The effect of pH on protease activity was determined by univariate assay using 0.1 M acetate buffer (pH 4-5), 0.1 M sodium phosphate buffer (pH 6-8), 0.1 M Tris-HCl buffer (pH 9), 0.1 M carbonate-bicarbonate buffer (pH 10) and 0.1 M NaOH-bicarbonate buffer (pH 11).

The effect of pH on protease stability was determined using the same buffers and pH values already mentioned. The enzyme solutions were incubated at different pH values for 24 h at 4 ºC in the absence of substrate. The residual enzyme activity was then determined. The results were expressed as a percentage and relative activity.

Determination of the optimum temperature of activity and stability of purified protease

The protease activity was tested at different temperatures (between 30 ºC and 80 ºC, pH 7). Relative activities were determined by defining the maximum enzyme activity, at a specific temperature, as 100%.

The thermal stability of the enzyme was evaluated by preincubation at various temperatures (between 30 ºC and 80 ºC, pH 7) for 1 h with subsequent cooling, and the residual enzymatic activity was determined.

Statistical analysis

The experimental design, matrix and statistical analysis were developed using the Statistica 7.0 program (Statsoft®/Dell, USA), Tukey’s test and Pearson correlation were carried out in Minitab 16.1.1 (Minitab Inc., USA). All the analyses were carried out in triplicate and evaluated considering a p-value lower than 10% (p ≤ 0.10).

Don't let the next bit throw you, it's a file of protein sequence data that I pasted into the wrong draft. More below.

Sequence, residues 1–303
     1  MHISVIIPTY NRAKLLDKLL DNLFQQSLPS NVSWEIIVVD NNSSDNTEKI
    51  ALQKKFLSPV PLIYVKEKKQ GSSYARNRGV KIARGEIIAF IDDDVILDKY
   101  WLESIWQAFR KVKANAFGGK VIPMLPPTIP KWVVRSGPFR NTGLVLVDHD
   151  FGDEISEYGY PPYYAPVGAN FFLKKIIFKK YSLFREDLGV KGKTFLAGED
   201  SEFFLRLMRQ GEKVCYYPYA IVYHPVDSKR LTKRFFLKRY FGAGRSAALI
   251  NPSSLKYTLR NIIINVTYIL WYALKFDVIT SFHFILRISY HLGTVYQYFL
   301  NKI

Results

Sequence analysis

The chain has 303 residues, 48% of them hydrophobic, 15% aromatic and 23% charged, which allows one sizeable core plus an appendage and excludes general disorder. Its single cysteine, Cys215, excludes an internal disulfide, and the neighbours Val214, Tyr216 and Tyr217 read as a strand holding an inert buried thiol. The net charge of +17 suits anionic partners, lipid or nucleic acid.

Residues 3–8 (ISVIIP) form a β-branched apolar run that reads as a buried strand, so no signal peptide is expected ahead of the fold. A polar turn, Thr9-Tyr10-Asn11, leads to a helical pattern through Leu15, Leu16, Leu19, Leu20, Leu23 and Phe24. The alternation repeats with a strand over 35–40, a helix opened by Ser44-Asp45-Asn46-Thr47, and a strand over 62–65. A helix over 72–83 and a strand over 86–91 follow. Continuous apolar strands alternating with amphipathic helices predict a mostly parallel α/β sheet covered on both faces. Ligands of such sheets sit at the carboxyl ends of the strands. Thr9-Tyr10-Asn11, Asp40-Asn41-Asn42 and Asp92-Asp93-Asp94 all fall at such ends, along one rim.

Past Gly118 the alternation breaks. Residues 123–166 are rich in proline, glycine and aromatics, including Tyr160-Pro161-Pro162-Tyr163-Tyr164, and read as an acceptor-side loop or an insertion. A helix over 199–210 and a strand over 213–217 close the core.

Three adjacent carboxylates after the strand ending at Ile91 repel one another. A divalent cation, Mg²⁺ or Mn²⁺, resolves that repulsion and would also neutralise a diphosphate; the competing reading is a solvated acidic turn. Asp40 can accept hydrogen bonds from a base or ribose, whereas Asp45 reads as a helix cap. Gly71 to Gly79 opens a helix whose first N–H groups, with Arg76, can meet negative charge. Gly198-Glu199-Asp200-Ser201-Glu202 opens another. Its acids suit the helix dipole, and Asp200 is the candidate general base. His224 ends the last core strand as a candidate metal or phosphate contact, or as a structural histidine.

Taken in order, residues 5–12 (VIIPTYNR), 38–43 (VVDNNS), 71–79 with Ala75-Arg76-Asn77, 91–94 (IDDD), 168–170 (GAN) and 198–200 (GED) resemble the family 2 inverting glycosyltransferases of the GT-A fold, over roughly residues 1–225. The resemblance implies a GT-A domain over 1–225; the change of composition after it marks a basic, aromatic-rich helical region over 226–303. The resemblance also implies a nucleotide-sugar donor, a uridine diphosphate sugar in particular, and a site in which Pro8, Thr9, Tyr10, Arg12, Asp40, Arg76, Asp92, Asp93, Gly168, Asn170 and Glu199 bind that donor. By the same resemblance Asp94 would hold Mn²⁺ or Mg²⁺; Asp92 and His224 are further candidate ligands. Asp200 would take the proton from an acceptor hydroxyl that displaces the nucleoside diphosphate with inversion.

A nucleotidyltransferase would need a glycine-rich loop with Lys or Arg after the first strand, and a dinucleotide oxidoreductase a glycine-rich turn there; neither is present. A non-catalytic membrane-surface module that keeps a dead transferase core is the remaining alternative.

RESULTS AND DISCUSSION

Experimental design for the kinetics of protease production in a reactor

Preliminary tests were performed to verify the effects of temperature (in the range of 30-37 ºC) on extracellular protease production by B. licheniformis LBA 46. Using 100 mL of culture medium in Erlenmeyer flasks, it was found that temperature variations caused variations in the protease production. Therefore, the reactor studies were carried out using the reactor in this temperature range. Figure 1 presents the responses obtained in the factorial design for the effect of temperature and agitation during the kinetics of protease production by B. licheniformis LBA 46 in a reactor for 72 h of fermentation.

Figure 1
Kinetics of the protease production (A), pH values (B), reducing sugars (C) and protein (D) measured during fermentation of B. licheniformis LBA 46 in a bench reactor during 72 h of fermentation.

The estimated enzymatic activity for the kinetics at 72 h (Figure 1A) showed that the values remained high (> 1000 U/mL) in 71.43% of the assays analyzed. Under the conditions evaluated, the microorganism produced protease in the range from 30-37 ºC and 200-300 rpm.

It can be observed that, for the majority of the analyzed times, the central points (assays 5-7) and assay 3 presented values of activity greater than the other tests. This information indicates that there is no adequate fit for a 1st order model, so there is a necessity of evaluating the curvature. According to the p-value obtained (p ≤ 0.10), the analysis of curvature was significant. Table 2 presents the estimated regression coefficients for each variable, their interaction and the statistical analysis of each effect for significance assessment.